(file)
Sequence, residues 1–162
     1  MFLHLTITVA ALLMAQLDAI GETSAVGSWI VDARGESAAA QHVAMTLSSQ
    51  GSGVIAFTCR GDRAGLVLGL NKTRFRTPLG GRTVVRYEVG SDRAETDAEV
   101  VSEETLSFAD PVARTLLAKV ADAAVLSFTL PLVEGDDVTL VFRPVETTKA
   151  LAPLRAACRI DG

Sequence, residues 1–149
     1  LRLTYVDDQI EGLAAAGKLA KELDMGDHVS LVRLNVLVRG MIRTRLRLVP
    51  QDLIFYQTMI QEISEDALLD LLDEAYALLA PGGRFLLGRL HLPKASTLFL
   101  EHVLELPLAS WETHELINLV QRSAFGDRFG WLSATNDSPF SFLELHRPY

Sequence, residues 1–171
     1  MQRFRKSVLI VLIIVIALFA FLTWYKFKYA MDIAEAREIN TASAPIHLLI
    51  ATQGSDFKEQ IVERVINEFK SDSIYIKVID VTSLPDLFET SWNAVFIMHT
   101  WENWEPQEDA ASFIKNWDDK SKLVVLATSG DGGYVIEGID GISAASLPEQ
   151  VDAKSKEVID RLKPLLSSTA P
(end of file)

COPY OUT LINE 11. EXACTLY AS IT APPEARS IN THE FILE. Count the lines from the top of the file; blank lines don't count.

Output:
     1  MQRFRKSVLI VLIIVIALFA FLTWYKFKYA MDIAEAREIN TASAPIHLLI